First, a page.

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Bilingualism and other idioms: the French-Provencal and Walser
Valle d’Aosta street signs are bilingual (French and Italian) and almost all place names and local surnames are French in origin . The origins of Valdostane bilingualism are in fact historic. In 25 B.C., the Romans founded Augusta Praetoria and began the latinisation of the natives: the Salassi. In 575, Pont-Saint-Martin became the border with the Franchi kingdom and Valle d’Aosta was positioned beside the kingdom of Bourgogne (Gaul-Roman linguistic area), where Latin evolved into French-Provencal (Patois, still spoken today) and,
starting from 1200, was gradually replaced by French in the written language. In 1561, Duke Emanuel Filiberto of Savoy adopted the use of French to replace Latin,   for all the public acts in the duke|"s kingdom. From the XVII century, French was taught in the Collège Saint-Bénin in Aosta and in country schools, to the extent that at the end of the nineteenth century, the illiteracy rate was almost non-existent. In 1860, with the annexation of Savoia to France, Valle was the only French territory in Italy; the diffusion of the Italian language began and reached its peak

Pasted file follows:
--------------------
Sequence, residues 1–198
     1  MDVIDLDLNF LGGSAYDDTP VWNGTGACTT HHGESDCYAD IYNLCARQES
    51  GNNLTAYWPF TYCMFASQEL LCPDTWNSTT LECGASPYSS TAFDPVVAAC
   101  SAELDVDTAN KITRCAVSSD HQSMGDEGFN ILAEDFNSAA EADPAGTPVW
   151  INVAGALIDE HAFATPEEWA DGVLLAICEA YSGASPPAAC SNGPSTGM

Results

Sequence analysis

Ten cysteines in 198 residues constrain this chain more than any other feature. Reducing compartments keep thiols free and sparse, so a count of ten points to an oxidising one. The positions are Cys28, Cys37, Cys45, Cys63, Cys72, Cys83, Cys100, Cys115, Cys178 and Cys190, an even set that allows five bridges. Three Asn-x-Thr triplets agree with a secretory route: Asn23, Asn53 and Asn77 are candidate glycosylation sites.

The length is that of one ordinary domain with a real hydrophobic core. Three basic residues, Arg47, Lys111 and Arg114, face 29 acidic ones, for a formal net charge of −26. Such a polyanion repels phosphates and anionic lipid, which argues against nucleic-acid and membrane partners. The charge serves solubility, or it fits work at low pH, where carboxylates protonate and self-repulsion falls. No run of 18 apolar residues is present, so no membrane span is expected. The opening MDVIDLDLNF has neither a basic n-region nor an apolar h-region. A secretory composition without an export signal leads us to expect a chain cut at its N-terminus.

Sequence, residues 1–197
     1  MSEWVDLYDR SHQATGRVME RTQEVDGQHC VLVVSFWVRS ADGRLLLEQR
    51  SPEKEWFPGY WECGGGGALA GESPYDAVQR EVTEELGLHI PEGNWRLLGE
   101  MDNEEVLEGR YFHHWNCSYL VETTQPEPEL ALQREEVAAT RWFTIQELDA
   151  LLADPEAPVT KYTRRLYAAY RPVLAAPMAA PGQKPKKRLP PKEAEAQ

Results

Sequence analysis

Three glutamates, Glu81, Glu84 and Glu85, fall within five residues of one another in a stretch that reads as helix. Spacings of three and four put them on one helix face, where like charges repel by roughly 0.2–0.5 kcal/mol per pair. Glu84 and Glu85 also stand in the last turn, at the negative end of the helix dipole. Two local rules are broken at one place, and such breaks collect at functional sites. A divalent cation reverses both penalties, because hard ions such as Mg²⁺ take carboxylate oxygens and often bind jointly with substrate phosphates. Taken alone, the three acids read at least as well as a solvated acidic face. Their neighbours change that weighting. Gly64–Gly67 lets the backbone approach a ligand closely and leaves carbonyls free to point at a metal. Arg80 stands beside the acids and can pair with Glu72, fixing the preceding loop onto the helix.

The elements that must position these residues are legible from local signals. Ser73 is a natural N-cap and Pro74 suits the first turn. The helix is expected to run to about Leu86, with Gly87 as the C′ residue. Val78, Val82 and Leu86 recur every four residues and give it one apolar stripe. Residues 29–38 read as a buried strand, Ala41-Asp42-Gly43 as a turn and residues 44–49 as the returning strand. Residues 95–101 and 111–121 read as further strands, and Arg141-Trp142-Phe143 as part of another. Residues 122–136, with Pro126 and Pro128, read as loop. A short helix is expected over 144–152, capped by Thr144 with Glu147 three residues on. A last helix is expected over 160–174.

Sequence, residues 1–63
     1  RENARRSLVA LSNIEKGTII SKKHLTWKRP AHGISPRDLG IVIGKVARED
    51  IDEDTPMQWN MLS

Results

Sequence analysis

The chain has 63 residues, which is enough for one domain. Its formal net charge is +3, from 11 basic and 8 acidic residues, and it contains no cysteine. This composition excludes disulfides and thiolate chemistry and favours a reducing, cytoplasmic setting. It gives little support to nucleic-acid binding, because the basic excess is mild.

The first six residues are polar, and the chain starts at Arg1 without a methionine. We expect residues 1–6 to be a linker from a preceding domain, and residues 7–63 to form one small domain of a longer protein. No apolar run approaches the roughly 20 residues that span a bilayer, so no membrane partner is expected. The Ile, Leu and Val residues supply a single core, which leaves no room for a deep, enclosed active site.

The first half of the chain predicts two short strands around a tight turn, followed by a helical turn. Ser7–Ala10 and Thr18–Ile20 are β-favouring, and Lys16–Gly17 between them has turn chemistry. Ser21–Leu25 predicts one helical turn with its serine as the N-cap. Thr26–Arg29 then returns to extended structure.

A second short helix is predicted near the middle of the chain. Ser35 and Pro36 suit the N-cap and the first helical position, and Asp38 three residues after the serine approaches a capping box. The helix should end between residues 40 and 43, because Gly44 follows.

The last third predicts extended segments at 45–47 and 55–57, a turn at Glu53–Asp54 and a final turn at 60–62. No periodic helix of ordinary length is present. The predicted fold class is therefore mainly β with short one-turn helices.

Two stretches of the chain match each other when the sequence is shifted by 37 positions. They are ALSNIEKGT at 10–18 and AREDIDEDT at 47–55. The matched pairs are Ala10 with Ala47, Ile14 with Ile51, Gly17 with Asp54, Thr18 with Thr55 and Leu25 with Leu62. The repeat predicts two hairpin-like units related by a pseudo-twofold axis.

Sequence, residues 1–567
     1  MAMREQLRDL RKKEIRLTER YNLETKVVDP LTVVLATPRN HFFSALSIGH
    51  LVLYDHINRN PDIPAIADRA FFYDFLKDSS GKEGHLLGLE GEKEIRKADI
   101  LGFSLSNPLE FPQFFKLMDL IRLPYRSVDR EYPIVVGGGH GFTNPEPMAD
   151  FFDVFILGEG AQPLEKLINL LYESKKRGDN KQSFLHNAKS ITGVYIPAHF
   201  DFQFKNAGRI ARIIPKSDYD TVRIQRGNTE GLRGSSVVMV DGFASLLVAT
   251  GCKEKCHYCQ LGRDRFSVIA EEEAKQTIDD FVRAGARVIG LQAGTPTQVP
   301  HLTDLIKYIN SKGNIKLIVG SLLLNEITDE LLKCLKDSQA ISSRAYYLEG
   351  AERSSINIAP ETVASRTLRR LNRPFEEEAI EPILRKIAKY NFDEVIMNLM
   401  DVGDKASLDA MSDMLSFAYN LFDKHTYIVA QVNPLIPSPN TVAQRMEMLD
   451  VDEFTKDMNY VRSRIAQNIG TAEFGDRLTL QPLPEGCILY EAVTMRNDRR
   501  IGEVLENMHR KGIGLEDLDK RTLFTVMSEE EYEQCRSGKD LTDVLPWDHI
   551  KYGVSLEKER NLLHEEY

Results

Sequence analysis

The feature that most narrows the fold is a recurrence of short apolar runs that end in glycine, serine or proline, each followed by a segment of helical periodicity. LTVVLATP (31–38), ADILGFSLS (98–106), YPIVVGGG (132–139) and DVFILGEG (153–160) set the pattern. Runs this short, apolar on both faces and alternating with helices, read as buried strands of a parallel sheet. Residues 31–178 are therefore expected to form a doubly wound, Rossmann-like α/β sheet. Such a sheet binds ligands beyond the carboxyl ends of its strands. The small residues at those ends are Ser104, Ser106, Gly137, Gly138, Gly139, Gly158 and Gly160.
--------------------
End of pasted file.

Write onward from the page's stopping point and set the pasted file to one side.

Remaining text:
during the twenty years of Fascism which banned the use and teaching of French and saw the systematic translation of place names. In 1948, the special statutes of autonomy sanctioned parity between the Italian and French languages in Valle d’Aosta. An additional linguistic wealth: in some municipalities in the Lys valley the Walser population speak German based dialects, Titsch and Toitschu.